Steve Finnemore, Massage Therapist
Stress is a mind and body experience
Some people are surprised when they hear of the overlap between my massage therapy work and Ann’s stress management work and yet each of us meets clients who can benefit from the other’s approach. The reason for this overlap is the body’s response to stress.
The stress response prepares your body for fighting or running away – it is a survival response evolved to keep us alive in a world of predators. However, in today’s world, our stresses tend not to be things that we can either fight or run away from. Today, most people’s stress occurs over a much longer timescale: long term worries about money, work, relationships and suchlike. Therefore, that readiness for fighting or running away is maintained for days and weeks rather than for minutes. As a result, the tensing of the muscles in preparation of the fight or the run is held for hours, days, even weeks.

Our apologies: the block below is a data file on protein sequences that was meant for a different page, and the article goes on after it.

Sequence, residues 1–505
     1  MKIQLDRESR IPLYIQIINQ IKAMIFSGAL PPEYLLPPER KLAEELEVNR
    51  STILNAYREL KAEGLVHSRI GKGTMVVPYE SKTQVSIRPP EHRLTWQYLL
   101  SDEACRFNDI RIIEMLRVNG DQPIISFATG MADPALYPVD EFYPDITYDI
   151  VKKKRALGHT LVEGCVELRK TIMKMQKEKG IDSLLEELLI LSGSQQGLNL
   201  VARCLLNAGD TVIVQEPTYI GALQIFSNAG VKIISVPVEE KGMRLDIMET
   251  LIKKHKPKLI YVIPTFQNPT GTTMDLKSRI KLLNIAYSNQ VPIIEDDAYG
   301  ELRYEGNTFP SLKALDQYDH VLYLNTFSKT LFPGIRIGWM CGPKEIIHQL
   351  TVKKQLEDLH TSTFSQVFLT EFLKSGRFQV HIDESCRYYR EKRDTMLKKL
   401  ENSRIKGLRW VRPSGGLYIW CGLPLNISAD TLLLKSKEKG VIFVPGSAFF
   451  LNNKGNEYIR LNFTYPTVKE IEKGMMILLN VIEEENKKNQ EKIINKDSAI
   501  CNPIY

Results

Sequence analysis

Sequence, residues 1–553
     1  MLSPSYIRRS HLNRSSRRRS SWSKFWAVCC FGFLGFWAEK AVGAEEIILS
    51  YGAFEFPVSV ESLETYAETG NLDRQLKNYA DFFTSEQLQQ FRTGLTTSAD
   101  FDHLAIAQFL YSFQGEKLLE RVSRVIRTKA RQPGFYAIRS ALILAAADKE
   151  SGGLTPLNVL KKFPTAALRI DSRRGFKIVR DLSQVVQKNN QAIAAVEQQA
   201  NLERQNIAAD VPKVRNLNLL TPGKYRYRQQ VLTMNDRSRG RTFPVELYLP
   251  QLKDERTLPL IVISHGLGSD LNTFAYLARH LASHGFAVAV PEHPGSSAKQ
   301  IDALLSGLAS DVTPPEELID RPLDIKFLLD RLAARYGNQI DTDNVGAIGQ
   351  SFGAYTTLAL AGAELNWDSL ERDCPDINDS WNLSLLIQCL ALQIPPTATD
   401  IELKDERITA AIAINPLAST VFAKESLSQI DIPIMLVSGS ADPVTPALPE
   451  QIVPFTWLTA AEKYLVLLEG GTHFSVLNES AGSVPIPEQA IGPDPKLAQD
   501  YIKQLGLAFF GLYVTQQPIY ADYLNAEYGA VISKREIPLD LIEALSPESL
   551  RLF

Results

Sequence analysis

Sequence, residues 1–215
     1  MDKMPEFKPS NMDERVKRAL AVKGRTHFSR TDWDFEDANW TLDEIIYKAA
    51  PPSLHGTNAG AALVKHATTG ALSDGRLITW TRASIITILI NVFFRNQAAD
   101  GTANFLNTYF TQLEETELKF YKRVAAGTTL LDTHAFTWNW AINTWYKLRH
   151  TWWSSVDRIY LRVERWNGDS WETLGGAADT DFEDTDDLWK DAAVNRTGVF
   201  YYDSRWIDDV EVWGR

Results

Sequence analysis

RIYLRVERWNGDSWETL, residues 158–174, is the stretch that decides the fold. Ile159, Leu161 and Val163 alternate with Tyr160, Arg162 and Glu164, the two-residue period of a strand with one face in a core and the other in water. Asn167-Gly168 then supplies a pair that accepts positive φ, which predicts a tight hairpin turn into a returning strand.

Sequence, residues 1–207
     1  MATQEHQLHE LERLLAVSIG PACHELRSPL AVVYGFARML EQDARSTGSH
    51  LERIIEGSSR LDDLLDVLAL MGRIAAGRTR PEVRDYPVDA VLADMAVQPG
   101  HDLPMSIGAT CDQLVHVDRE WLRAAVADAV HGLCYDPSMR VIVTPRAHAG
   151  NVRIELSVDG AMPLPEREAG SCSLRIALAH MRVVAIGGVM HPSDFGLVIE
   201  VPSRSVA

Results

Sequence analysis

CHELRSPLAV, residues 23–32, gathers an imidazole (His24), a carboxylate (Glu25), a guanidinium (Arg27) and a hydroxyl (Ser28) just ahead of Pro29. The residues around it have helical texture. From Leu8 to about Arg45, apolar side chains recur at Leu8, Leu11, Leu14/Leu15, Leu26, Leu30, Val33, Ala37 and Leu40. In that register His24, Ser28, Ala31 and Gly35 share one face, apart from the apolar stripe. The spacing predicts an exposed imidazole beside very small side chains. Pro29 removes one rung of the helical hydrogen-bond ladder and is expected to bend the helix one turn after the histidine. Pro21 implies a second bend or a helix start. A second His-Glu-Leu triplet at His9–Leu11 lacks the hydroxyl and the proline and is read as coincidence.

Just imagine – if someone asked you to hold any position for several hours, you’d probably think they were mad. Yet, when we’re stressed we unconsciously raise our shoulders and tense our abdominal muscles all the time we are stressed. It’s not surprising then that stress can result in headaches resulting from muscle tension in the back of the neck, or tired and tense stomach muscles.
With long-term stress these problems need massage therapy to release the knots that have developed. At the same time, unless the person learns how to cope with the stress in their lives, these muscle problems (along with other stress-related problems) will recur. By correcting the muscles problems which arise from stress and building emotional resilience to stress a person can become both physically and mentally healthier.
Which is why Ann and I have the overlap in clients that we dowellbeing.